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Adrienne Dellwo

Doctor-Caused PTSD in Fibromyalgia & Chronic Fatigue Syndrome?

By October 15, 2009

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Have you ever left your doctor's office feeling traumatized? I'm not talking about the reaction to a diagnosis -- I'm talking about being emotionally traumatized by your doctor's treatment of you. I hear it all the time from people with fibromyalgia and chronic fatigue syndrome -- their doctors treat them so poorly that appointments put them through an emotional wringer. So much for "do no harm," eh?

The harm these doctor inflict on us goes farther than just ruining our day or possibly causing a symptom flare-up. According to one prominent ME/CFS researcher, it may actually lead to another medical condition. I want to thank one of my fellow bloggers and twitter friend, username ME/CFS Unite, for bringing this quote to my attention:

"I've had patients who met post-traumatic stress disorder criteria . . . where their trauma was their interaction with their physician around this illness. They came to a doctor with Chronic Fatigue Syndrome; they left the doctor with PTSD." - Nancy Klimas, M.D., Miami Herald, March 24, 2009

That's pretty profound, to have one doctor accusing her colleagues of causing a seriously illness in their already debilitated patients.

  • Learn more about PTSD (post-traumatic stress disorder)

As I've said before, I'm incredibly lucky to have somehow found doctor after doctor who accepts my FMS diagnosis fully and, no matter the specialty, understands that I have special considerations. I wish everyone could have that same experience, but I know that it's the exception to the rule.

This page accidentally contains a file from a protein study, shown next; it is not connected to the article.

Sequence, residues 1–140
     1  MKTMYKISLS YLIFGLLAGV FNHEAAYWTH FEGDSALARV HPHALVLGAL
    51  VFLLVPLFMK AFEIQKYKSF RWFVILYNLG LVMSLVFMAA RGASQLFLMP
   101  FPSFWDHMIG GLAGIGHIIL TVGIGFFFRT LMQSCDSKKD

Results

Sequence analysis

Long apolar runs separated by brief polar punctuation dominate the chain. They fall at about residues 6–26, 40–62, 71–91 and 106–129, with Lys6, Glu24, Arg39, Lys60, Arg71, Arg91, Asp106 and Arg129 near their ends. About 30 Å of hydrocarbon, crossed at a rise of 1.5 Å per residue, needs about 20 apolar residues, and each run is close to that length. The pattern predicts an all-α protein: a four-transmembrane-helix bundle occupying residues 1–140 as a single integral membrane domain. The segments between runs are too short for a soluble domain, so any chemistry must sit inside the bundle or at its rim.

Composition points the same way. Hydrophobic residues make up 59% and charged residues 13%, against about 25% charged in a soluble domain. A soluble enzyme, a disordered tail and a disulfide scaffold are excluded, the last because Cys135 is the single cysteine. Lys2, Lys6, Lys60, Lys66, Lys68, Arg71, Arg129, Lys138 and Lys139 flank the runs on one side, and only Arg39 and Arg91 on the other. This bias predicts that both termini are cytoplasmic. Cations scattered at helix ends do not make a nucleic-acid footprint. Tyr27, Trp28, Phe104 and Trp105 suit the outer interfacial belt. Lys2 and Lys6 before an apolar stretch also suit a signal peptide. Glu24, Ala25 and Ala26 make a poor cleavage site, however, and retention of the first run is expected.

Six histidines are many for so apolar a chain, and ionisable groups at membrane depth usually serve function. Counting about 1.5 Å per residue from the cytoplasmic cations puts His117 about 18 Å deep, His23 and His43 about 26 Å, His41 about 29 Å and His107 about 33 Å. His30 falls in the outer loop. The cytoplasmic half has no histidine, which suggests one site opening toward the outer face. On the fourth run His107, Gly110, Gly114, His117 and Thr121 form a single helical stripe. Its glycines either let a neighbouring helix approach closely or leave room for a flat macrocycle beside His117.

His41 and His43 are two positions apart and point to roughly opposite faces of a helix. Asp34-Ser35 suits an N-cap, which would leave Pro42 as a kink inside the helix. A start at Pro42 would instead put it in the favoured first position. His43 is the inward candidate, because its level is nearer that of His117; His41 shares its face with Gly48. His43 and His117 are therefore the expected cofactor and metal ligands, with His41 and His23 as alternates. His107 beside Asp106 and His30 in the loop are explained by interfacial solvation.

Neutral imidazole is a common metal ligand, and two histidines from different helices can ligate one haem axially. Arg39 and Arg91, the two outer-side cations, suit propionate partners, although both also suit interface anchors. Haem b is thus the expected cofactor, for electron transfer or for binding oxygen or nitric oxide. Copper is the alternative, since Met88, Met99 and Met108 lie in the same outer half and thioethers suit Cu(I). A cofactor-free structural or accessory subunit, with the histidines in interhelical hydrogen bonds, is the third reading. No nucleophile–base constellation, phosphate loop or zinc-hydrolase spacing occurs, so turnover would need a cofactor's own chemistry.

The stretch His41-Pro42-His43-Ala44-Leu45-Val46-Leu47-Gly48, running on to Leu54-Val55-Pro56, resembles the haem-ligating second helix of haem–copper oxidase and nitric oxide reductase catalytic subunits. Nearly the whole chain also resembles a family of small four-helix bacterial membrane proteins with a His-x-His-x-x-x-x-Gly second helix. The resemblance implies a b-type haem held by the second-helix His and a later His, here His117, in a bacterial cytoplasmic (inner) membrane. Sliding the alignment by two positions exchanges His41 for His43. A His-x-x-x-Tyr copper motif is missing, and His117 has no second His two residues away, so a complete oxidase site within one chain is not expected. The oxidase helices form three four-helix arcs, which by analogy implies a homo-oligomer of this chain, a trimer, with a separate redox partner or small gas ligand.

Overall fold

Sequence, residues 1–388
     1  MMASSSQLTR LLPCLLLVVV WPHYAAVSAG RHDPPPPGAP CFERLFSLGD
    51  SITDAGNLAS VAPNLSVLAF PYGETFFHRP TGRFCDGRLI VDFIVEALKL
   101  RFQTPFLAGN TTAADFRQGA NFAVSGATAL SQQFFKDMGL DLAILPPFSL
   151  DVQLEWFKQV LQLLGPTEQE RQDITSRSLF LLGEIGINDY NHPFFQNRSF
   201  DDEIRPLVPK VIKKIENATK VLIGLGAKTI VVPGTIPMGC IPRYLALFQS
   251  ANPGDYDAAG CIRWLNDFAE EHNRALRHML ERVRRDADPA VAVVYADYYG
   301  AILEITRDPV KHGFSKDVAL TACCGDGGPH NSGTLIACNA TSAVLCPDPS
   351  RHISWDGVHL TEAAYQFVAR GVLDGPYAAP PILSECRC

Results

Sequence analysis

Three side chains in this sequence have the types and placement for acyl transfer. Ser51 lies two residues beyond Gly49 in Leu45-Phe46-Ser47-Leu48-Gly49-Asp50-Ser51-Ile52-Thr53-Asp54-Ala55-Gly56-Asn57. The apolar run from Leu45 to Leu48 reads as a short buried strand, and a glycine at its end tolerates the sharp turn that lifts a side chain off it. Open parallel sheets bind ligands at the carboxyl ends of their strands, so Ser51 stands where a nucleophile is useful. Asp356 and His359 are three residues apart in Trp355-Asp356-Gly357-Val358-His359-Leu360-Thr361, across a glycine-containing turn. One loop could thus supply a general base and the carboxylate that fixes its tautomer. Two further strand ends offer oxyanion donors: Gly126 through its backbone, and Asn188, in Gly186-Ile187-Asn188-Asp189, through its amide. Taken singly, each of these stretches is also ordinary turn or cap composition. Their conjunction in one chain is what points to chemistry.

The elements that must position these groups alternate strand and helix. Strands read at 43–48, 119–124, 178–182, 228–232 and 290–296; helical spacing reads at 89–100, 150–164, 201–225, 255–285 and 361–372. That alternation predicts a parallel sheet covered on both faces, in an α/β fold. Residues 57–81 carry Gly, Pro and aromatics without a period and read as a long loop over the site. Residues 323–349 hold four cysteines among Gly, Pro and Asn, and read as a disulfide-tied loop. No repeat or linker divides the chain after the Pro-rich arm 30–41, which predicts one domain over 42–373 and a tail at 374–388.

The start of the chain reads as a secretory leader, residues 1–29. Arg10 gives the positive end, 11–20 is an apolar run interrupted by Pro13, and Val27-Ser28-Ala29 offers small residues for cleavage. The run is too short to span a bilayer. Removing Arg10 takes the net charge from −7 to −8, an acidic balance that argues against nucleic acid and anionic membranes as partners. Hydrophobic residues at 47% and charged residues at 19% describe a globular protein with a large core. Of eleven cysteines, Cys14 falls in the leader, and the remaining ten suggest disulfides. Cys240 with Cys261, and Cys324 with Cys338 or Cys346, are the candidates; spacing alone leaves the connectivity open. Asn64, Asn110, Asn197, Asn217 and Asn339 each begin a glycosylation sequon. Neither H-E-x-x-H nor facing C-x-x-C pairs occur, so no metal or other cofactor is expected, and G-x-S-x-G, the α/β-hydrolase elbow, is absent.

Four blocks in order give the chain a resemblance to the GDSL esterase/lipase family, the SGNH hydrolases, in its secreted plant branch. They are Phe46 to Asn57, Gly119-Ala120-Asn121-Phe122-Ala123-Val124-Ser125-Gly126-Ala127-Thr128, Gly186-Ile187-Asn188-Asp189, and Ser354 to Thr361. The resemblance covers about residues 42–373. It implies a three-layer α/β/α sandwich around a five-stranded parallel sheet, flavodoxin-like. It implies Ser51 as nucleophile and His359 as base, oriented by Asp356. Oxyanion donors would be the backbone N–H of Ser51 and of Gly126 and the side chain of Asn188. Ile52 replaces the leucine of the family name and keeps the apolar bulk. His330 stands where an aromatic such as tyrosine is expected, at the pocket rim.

It's easy to say that someone whose doctor is causing them harm should find someone else; it's much harder to actually find someone better. We have a critical shortage of doctors who believe in our conditions and have any idea how to treat them. We face limitations due to our insurance companies or where we live. And when these guys are actually nasty enough to cause PTSD in a patient, it's hard to imagine they'd be accepting of our attempts to re-educate them.

Whether you're stuck with a jerk or you move on to another doctor, worse for wear, you shouldn't just accept this kind of treatment. All doctors have to report to someone -- your state licenses doctors, and you can make a complaint to the registration board. Doctors are overseen by organizations, such as the American Medical Association (AMA) and/or associations for their specialty, and you can make complaints to them. Also, unless your doctor is in private practice, he or she has an administrator to answer to.

The AMA has links to help you figure out how to complain about your doctor:

Do you feel your doctor has cause PTSD or other emotional trauma in you? How have you dealt with the doctor, and with the resulting health problems? Take the poll, and share your experience below!

Learn more or join the conversation!


Photo © Chris Whitehead/Getty Images

October 15, 2009 at 3:58 pm
(1) Jenny says:

I don’t have PTSD but have seen over 14 doctors over the last three and a half years, and at least 3 of them have had me leaving in tears. I have heard of so many horrible stories, and have had friends report their doctors.

While I don’t suffer from the disorder, It certainly has confused my understanding of the illness… and the validity, and MY trust in doctors and in myself. I work out these issues with a cognitive therapist, who helps greatly.

October 15, 2009 at 4:36 pm
(2) Taliba says:

Good on that doctor for naming this issue. I am slowly recovering from PTSD, which I know was induced by not just my physician(s) treatment of me, but also by abandonment by friends and family, as well as their determination to label me with a mental illness. Little did they know they were the ones causing it … I suspect that those who are traumatized may have being ‘labelled’ as mentally ill in common, because it completely destroys your life and reputation.

Of all the indignities that I’ve faced since I began suffering from CFS/ME nearly 20 years, having my identity and dignity assaulted by slanderous claims has done me the most harm, and given me what I consider to be an injury rather than an illness.